Course cut 'victimising unionists'

FE is suffering from too much high-level interference, NATFHE's leader told conference delegates. Steve Hook reports

LECTURERS claim that plans to scale down trade union studies at Southampton City College are evidence of anti-union victimisation.

The college insists the proposal is purely commercial, but the courses have been profitable and remain one of the best aspects of the college's provision, says its NATFHE branch.

The union fears the department ultimately faces closure, along with the college's personal tutor scheme - even though both areas have been praised by inspectors from the Office for Standards in Education.

Conference agreed an emergency motion saying it "condemns the recent victimisation of branch officers at Southampton City College and calls on the NEC to make urgent contact with the principal, stating that there can be no resolution to the local dispute without a formal guarantee that there will be no victimisation of the NATFHE branch officers and members".

Trade union studies take place at outreach centres including Bristol and Plymouth, in different Learning and Skills Council areas to the college itself. The college says it is merely cutting provision outside its area. "The college is concentrating on the local community," said a spokeswoman. Other colleges have found such cross-border provision has not thrived under new funding arrangements, which tend to favour local providers. But the union has branch officials who work in the trade union studies department, and it suspects they are being targeted.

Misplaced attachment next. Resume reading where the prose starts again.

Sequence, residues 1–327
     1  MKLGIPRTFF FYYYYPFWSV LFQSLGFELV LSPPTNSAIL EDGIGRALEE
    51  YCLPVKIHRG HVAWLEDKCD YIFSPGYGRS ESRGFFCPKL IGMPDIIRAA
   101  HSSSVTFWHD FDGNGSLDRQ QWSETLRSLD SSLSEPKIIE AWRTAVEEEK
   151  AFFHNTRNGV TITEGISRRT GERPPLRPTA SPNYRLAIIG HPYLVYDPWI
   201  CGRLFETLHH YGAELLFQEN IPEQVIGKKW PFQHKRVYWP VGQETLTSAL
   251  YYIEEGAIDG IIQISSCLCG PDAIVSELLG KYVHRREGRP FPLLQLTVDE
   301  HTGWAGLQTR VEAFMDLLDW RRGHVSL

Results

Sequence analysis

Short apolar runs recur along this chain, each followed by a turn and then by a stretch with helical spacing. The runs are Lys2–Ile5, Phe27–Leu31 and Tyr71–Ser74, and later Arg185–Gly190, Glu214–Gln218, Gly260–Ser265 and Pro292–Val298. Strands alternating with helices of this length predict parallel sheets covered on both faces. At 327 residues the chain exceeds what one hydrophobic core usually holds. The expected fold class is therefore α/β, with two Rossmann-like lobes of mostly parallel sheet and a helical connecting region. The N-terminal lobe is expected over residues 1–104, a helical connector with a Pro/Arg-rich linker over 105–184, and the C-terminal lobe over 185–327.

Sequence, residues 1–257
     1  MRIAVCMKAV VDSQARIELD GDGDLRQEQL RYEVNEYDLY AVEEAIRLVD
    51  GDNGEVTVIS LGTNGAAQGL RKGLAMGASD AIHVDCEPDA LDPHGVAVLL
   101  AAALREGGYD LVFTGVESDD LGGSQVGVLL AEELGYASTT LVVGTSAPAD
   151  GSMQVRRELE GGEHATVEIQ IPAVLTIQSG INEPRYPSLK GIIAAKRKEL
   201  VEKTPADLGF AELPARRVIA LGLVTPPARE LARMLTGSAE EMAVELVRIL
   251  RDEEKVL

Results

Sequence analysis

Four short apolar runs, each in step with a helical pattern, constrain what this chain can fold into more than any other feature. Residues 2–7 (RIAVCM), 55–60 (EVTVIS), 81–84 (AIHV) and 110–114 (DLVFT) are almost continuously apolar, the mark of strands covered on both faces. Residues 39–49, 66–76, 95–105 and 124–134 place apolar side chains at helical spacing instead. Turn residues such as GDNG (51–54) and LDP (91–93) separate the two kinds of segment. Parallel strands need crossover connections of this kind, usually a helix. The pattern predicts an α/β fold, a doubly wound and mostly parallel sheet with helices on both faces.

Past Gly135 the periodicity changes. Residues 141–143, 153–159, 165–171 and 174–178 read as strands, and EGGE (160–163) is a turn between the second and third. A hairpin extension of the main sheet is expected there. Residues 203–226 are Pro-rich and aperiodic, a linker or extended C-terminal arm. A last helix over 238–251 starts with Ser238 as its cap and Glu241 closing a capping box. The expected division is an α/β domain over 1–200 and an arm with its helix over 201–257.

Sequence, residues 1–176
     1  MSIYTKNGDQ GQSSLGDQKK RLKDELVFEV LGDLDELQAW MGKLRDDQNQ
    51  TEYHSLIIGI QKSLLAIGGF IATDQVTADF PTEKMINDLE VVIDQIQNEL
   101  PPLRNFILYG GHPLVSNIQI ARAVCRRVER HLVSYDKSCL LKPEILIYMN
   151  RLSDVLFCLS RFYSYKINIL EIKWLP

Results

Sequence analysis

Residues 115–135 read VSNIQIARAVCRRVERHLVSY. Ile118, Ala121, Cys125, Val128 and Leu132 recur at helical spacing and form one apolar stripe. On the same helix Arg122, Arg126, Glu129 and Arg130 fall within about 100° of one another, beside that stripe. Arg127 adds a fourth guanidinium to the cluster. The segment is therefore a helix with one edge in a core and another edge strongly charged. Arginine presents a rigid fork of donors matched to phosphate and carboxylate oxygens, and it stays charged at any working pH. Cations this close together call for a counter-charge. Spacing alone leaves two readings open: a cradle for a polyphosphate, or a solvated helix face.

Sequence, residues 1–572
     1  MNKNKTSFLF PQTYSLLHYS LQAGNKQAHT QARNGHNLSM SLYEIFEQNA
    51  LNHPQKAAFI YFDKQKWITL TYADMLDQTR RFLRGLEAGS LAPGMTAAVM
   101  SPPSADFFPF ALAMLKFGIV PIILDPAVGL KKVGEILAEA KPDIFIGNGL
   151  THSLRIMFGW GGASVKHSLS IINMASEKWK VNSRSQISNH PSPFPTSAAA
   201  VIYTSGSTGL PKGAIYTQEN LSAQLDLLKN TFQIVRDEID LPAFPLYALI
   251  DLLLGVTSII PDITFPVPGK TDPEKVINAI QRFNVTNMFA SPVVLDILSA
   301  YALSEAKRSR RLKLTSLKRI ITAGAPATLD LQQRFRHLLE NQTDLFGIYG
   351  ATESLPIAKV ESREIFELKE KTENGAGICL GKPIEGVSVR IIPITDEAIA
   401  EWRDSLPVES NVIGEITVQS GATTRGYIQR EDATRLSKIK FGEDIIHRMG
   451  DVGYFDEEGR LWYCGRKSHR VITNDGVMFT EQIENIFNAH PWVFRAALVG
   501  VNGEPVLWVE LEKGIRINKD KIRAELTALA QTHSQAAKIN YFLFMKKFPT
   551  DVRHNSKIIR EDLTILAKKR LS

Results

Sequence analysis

The college is locked in dispute over non-implementation of last year's 3.7 per cent pay increase, which has led to eight days of strike action so far.

Colleges are able to deduct two days' pay for each day lost through strike action - and 14 days were taken from one month's salary at Southampton in relation to seven of the eight strike days.

NATFHE president Tina Downes condemned the way the deductions were timed.

She said:"This is not clever, or a sign of strong management, but it is an example of the thinking among some employers. Macho, punitive deductions must stop."

Southampton delegate Paula Coles told the conference that some staff were suffering stress-related illness.

"Individuals have ended up in hospital. I've even seen a colleague taken to the coronary unit," she said.

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